I’m attaching a copy of your agreement. Paragraph 1 indicates what you need to do to terminate your agreement. It appears that we would have to receive your termination request by via overnight courier (Fed Ex, UPS, etc. ) per the window period described in your agreement. Otherwise, it renews for another two years. However, keep in mind that the overpayment balance will need to be paid off in order for any termination to become effective.
Please let me know if I can answer any additional questions.
I've heard the excuses from Performance Rights Organizations a thousand times. I've done a lot of researching, talked to hundreds of artists & venues and put years of thought into my opinion.
I'm well aware that I can give a venue public performance rights to my material and perform songs from the public domain. I have talked venues into allowing us to do this on the road and in one particular case, I received a call from an infuriated owner who was called by BMI the day after we played about payment due to BMI. The venue owner thought I reported them to BMI after agreeing there would be no harassment from PRO's about the show. Many venues just staunchly refuse to allow live music solely because of the calls they receive. Apparently, your employees that call these owners are hostile and threatening.
I will try to break this down for you from my point of view, and I encourage you to share this with other BMI employees.
I'm from Montana and have performed mostly in small town bars around Montana and Wyoming. Please note there are more people in the Nashville metro than Montana and Wyoming put together.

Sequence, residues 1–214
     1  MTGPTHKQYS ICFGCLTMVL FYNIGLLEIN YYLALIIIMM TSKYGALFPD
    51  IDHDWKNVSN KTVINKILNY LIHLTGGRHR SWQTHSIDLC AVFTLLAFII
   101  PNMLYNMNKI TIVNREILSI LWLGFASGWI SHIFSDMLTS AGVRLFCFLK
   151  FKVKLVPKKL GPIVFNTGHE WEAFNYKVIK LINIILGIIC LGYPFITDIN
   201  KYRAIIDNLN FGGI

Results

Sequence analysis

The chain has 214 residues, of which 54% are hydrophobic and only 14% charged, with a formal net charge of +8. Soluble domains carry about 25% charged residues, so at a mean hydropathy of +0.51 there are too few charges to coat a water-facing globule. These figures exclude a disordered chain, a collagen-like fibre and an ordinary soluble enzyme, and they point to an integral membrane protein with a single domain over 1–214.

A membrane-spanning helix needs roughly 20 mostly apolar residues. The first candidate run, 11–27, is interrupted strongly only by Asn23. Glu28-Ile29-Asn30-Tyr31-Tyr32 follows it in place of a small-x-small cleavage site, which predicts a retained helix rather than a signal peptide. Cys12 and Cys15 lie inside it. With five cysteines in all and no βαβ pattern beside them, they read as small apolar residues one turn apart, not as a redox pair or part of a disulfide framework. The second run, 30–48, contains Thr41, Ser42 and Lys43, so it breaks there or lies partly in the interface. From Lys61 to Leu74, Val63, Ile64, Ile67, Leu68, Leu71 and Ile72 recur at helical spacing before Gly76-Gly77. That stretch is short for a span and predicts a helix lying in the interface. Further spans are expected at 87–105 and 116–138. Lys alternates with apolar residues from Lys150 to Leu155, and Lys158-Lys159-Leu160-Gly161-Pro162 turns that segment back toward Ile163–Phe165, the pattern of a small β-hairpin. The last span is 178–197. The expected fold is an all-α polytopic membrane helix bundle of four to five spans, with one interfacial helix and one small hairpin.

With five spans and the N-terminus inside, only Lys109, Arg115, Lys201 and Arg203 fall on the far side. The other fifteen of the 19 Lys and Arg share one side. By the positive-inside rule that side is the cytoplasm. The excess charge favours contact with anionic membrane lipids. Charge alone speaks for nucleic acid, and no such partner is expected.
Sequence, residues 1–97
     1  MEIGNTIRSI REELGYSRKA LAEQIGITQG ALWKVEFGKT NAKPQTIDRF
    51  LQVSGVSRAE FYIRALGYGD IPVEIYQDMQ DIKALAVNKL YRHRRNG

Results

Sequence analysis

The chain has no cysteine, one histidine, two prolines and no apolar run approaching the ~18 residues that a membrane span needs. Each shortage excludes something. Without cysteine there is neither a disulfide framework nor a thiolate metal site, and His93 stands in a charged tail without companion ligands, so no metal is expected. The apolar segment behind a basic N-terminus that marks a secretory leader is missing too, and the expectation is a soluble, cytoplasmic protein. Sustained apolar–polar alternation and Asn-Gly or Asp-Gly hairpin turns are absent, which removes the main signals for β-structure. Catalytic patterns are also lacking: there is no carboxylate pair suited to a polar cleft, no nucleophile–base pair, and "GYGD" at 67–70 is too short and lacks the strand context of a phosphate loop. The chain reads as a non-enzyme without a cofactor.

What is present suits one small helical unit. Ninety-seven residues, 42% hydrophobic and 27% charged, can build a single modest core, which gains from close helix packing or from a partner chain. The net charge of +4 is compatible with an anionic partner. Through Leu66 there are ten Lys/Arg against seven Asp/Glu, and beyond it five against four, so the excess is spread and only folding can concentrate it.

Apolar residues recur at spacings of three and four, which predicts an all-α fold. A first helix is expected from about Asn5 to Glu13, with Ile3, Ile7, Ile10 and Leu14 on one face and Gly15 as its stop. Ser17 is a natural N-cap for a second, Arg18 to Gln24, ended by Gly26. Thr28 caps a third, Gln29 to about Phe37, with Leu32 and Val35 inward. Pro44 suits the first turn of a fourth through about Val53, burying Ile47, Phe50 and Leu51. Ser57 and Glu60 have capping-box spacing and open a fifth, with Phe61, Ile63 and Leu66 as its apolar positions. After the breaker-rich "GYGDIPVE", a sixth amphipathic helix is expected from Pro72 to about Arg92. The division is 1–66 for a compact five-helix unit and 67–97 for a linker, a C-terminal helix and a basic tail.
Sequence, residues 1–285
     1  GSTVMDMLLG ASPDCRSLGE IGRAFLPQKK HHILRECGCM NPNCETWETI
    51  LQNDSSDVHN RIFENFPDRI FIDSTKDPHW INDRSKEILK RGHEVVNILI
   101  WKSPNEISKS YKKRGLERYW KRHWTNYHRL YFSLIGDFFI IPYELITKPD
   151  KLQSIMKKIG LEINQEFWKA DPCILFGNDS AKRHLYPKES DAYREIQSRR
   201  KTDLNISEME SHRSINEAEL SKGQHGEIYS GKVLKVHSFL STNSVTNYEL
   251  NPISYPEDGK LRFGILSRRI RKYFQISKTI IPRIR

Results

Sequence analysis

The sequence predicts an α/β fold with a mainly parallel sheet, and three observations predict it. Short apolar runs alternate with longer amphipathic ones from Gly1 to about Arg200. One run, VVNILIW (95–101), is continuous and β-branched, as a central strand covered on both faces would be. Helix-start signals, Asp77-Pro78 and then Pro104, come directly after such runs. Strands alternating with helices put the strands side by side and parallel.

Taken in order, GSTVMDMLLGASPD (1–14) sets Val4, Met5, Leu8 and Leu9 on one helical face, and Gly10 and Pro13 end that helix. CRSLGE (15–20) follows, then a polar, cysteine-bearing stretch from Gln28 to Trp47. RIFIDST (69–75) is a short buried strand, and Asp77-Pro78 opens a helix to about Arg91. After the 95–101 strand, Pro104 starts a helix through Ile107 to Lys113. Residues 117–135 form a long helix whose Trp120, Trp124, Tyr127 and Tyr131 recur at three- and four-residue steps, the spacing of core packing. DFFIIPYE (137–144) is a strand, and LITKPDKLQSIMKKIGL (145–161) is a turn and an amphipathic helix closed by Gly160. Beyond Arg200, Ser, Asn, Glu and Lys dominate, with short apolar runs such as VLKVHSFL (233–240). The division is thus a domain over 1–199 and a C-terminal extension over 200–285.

A bar in the middle of Wyoming in a town of 1000 people that has a 100 person capacity will never have 100 people in it at one time so right from the get-go circumstances leave them overcharged. Your fee to them is $600, then ASCAP wants another $600, then SESAC wants another $600. If this bar has music, pays the band $200(which is often the revenue for the night), then there are jukebox fees, plus they're out any food and drink costs they share with the band. Let's conservatively estimate it costs the bar $5-10,000 a year to host music.
To people in Nashville or NYC, that's a piddly sum that many of you probably make in less than a month, but it's not uncommon for people in small towns to live on $30-40k a year. (Small towns meaning a small western town, not the 30,000 plus cities that people back East consider a small town). $1800 just for PRO fees is a significant percentage of that bar's revenue, and because of this cost, the bar is forced to turn artists like me away. I lose venues regularly, and the owners of these venues usually call me directly very sincerely apologize, tell us what a pleasure it is to have live music and then go on to explain how much they hate BMI, and I emphatically agree.
Now I know your company talks very loud and proud about how much you do for artists, but my case alone quite eloquently illustrates that you exercise absolutely no due diligence on behalf of your clients. I just looked at my BMI account, and the majority of the songs on there are NOT mine. This situation is a big mess, and if you would've performed your fiduciary duties to your client, there would be no issue.
I would personally like to wash my hands of this whole situation, but unfortunately, because of the hundreds of dollars that I now owe BMI, I am unable to pay. I realize this is not a personal issue and one of strictly business and since I cannot pay to break this contract I'm obligated for another two years.
I'm just a Folksinger and don't know what the answer is but I feel your business method is flawed. It may be working for Top 40 artists, but it is to my professional detriment. Maybe your methods worked in the analog past, but in the digital present CDBaby has been perfect for me. BMI I can do without. I feel like you're killing live music.
Daniel Davies Hallock